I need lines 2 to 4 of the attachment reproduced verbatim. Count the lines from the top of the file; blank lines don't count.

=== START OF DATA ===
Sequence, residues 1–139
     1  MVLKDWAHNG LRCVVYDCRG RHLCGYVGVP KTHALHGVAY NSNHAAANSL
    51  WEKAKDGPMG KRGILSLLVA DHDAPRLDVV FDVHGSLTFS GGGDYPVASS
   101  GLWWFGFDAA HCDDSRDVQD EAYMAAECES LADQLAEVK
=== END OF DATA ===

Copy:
     1  MVLKDWAHNG LRCVVYDCRG RHLCGYVGVP KTHALHGVAY NSNHAAANSL
    51  WEKAKDGPMG KRGILSLLVA DHDAPRLDVV FDVHGSLTFS GGGDYPVASS
   101  GLWWFGFDAA HCDDSRDVQD EAYMAAECES LADQLAEVK